5. The neural network of claim 4 further including a bias generator operatively connected to the summing node.
6. The neural network of claim 5 wherein the bias generator comprises a current source.
7. The neural network of claim 5 wherein the bias generator comprises a voltage source and either an analog to pulse converter when the array of interconnected processors operate in the pulse domain or an analog to spike converter when the array of interconnected processors operate in the spike domain.
8. The neural network of claim 1 wherein the analog-to-pulse converter comprises a time encoder having a summing node, an integrator having an input coupled to an output of the summing node and a hysteresis quantizer coupled to an output of the integrator, the hysteresis quantizer having an output proving an output of the time encoder and providing an input to the summing node, the summing node also providing an input to the time encoder.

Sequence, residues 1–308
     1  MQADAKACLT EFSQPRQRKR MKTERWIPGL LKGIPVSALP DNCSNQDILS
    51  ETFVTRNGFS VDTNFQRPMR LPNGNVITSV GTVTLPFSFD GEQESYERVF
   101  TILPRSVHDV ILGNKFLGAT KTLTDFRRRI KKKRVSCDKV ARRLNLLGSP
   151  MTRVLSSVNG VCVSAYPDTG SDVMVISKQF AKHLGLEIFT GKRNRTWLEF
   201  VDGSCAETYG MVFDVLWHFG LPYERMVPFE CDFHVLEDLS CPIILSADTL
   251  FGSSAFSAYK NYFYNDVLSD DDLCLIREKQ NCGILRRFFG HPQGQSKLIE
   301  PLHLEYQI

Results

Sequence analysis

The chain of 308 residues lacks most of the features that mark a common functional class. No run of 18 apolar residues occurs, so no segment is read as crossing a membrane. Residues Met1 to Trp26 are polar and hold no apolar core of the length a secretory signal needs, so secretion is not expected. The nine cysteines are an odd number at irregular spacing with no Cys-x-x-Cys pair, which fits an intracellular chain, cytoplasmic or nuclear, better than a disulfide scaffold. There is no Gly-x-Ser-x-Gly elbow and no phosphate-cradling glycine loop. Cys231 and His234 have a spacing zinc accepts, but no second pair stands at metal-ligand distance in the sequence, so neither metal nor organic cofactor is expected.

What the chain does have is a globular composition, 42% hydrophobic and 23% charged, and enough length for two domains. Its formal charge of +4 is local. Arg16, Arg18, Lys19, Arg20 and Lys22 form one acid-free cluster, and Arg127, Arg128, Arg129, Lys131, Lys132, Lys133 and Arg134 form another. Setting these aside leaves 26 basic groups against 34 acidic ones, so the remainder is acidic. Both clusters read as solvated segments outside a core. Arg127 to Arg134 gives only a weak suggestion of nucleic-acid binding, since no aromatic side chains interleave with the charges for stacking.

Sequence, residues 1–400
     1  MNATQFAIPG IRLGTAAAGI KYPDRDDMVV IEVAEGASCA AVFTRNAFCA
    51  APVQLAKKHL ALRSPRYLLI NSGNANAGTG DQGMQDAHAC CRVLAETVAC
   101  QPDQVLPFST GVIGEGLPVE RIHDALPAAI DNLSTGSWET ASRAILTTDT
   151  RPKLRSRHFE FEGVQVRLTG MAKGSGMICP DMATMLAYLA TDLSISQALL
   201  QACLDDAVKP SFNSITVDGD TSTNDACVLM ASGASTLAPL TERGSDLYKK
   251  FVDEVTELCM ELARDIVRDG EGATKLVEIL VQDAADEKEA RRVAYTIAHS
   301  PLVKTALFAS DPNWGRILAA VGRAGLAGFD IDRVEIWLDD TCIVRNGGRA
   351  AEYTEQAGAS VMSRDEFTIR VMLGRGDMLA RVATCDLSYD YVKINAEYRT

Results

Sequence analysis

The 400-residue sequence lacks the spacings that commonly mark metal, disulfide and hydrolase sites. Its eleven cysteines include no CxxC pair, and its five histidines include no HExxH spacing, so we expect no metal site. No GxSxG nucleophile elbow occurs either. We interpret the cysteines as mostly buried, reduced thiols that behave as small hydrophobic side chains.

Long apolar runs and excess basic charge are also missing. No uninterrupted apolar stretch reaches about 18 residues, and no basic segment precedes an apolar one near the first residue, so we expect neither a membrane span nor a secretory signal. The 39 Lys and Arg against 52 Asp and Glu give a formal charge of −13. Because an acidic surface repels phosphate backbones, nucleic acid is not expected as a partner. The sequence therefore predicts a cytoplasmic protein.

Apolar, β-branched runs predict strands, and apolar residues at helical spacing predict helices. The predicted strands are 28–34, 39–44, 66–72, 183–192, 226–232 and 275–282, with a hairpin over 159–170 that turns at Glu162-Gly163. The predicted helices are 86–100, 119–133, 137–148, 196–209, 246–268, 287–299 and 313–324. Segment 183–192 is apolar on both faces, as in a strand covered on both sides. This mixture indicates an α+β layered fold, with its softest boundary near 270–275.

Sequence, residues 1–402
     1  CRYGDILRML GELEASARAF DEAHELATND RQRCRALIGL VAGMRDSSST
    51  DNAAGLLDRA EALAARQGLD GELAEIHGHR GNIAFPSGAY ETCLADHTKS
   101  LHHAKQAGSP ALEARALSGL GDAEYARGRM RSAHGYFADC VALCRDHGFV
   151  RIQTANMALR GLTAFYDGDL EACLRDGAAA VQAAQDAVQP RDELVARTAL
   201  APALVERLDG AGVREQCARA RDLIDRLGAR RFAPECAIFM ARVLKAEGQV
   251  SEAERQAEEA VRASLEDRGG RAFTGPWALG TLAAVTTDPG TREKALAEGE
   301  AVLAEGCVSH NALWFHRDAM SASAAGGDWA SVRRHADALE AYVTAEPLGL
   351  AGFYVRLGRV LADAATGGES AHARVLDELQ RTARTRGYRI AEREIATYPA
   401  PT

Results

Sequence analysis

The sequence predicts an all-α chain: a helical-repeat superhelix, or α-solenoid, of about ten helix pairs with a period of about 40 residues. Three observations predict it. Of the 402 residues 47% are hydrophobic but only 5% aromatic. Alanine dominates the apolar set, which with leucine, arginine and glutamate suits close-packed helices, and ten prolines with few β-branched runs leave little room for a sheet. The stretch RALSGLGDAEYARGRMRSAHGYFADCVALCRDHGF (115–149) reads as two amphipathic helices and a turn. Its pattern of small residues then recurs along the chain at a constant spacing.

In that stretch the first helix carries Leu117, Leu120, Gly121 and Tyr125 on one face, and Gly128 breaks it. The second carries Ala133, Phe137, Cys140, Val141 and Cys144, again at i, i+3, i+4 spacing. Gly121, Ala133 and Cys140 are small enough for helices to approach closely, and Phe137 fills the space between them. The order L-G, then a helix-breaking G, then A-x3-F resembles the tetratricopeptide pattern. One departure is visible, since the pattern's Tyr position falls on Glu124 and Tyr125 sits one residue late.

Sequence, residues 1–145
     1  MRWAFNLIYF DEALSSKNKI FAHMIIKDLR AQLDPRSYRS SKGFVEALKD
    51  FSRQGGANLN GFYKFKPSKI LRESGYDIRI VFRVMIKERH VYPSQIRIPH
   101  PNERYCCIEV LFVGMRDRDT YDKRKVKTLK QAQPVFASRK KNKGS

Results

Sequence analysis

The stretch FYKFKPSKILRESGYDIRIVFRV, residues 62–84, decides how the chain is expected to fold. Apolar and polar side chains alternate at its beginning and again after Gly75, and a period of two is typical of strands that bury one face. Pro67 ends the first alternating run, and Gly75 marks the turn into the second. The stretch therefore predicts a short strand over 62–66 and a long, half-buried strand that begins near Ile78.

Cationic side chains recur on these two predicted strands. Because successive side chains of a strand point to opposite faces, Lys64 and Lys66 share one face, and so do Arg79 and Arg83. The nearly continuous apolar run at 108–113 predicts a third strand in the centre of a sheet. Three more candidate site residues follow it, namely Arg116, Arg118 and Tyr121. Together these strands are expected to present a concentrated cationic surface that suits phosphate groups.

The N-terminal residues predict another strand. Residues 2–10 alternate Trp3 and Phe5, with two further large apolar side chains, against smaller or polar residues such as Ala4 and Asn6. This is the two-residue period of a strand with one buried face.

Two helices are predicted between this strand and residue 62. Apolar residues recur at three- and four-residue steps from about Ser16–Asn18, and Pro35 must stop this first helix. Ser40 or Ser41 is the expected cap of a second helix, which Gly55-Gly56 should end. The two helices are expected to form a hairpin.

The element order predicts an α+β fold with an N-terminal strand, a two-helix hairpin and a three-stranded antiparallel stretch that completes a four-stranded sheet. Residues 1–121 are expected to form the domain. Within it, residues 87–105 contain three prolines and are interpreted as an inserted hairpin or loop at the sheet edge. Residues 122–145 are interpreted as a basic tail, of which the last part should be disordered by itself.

9. The neural network of claim 1 wherein the analog-to-spike converter comprises a spike time encoder having a summing node, an integrator having an input coupled to an output of the summing node, a hysteresis quantizer coupled to an output of the integrator, an edge to spike convertor coupled to an output of the hysteresis quantizer, the edge to spike convertor having an output proving an output of the time encoder and providing an input to the summing node, the summing node also providing an input to the spike time encoder.
10. The neural network of claim 1 wherein a nonlinear element is coupled to the filter/integrator.
11. A neural network comprising:
an array of interconnected processors, each processor operating in the pulse domain, and each said processor having:
first inputs selectively coupled to other processors in said array of interconnected processors, each first input having an associated 1 bit DAC coupled to a summing node,